We are all disgusted by the entrenched political class that has been ruling our country and mis-managing our cities for years and we all want municipal councils that interact and listen to citizens, that work with civil groups and use their know-how and that actually present an electoral plan when they run for elections. Unfortunately, the likelihood of an outside list winning in Beirut is almost impossible as they face a coalition of three large political blocks but someone needs to put pressure on the ruling class and this is exactly what Beirut Madinati is doing.


What is Beirut Madinati?

Beirut Madinati is a volunteer-led campaign that aims at challenging the traditional political leadership and working towards making “Beirut more livable: more affordable, more walkable, more green, more accessible, and, simply, more pleasant”. Their program was developed by experts with years of experiences and it addresses problems of affordability, mobility, waste management, air quality, public spaces, basic services, and municipal governance.

A lot of people will argue at this point that these ideas are impossible to achieve, which is why Beirut Madinati has been organizing a weekly open house, neighborhood gatherings and breakfasts in an attempt to interact with people, discuss their program and stress on two key parts of their electoral campaign: transparency and participation. Speaking of transparency, you can check all their finances on their [website].

What I love about Beirut Madinati so far is that they are pragmatic and transparent in their approach and that they are trying to make a change through the electoral process and not by going for unrealistic demands like toppling the system. It is an opportunity and a commitment to improve our city through the electoral process and I cannot but support it.


To sum up their program in 10 points:
1- Improve urban mobility through an integrated strategy that makes soft options (i.e. walking, biking) more viable, enhances and organizes shared transportation systems.
2- Improve greenery and public space by incorporating the city’s shared spaces into a network of green passages and spaces.
3- Make housing more affordable for future homeowners and tenants.
4- Implement an integrated solid waste management strategy by providing incentives for businesses and households.
5- Protect and develop Beirut’s built and natural heritage, including its waterfront.
6- Build community spaces and enhance services, in partnership with stakeholders and active NGOs.
7- Integrate social justice, poverty alleviation, and socio-economic development.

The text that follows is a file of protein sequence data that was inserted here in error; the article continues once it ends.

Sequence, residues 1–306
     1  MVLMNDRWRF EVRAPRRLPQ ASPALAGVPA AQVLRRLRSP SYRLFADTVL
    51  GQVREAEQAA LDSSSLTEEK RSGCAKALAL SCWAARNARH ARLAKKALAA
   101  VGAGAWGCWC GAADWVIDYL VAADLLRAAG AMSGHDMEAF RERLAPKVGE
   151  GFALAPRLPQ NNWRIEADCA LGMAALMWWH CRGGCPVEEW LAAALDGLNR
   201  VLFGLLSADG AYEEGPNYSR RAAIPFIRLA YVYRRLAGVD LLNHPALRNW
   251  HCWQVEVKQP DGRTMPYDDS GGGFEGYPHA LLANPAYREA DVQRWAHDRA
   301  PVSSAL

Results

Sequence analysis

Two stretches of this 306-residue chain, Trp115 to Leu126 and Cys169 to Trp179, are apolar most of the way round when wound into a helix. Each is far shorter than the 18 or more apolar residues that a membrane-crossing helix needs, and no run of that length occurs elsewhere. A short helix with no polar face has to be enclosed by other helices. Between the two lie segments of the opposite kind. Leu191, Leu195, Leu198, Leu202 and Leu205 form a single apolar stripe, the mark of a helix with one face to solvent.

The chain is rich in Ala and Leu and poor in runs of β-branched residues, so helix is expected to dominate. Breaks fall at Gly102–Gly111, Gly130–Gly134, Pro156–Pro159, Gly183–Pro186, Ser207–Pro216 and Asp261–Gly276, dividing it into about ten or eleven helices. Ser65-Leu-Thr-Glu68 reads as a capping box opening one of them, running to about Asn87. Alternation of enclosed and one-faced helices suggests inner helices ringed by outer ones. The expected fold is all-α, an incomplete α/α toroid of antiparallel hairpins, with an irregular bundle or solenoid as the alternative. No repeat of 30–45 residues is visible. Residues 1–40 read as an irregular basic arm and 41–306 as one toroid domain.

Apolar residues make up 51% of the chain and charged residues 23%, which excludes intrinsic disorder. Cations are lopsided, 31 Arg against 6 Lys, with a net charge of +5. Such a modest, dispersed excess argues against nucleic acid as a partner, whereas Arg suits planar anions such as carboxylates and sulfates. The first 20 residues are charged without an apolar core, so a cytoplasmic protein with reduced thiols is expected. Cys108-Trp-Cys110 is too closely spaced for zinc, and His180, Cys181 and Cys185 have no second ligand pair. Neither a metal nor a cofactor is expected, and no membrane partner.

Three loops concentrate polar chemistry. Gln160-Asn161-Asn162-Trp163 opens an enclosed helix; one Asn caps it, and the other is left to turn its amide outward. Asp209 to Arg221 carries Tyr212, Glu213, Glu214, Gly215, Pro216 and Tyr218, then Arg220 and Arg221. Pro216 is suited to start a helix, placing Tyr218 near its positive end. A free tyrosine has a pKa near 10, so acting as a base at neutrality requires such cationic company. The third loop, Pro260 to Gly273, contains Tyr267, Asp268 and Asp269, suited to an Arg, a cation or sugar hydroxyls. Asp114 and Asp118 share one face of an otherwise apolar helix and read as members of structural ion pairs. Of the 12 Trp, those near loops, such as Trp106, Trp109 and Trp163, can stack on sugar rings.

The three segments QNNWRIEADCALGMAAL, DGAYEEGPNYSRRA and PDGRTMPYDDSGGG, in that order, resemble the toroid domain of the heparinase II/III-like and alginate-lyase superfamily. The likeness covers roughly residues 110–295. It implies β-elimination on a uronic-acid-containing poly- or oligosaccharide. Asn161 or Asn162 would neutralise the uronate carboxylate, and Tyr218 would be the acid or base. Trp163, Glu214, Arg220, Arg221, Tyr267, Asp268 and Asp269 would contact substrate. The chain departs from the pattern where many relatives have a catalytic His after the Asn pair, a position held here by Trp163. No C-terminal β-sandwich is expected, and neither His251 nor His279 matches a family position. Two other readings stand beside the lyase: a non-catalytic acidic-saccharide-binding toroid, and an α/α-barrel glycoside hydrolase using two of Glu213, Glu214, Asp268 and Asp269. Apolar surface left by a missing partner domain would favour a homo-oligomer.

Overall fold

8- Integrate principles of environmental sustainability and stewardship across all regulatory and operational interventions of the municipality.
9- Prioritize the health and safety of all city dwellers by recognizing the municipality’s responsibility to monitor, lobby for, and intervene.
10- Improve the organizational structure of the Municipality. [Full Program]

All in all, municipal reform is much needed in Beirut and all of Lebanon and Beirut Madinati has valuable ideas and a solid program that would definitely improve living conditions in the capital. In fact, they are probably the only side that actually presented an electoral program.


Can Beirut Madinati actually win?

I don’t think that’s the right question to ask here. The fact that there’s an opposing list to the current municipality is already a major win. As long as there are people willing to step-in and participate actively in the political life to take back what is rightfully ours, we need to support them even if change takes years.

Beirut Madinati candidates, which were not yet announced, may not win this year but hopefully they will keep their initiative going for the years to come and be even more prepared in the next municipal elections. Even more, I think they should try to reach out to the winning candidates in the next 6 years and push for their ideas as I’m sure there’s at least one competent municipal member in Beirut.

Until then, let’s help them out by spreading the word and keeping the momentum going.

PS: For those who wish to contribute financially, you can donate [here].

Did Anyone Figure Out Burger King’s Ads?

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“10452 branches in Keserwan”
“365 new branches”
“451 new branches in Keserwan”
“252 new branches in Matn”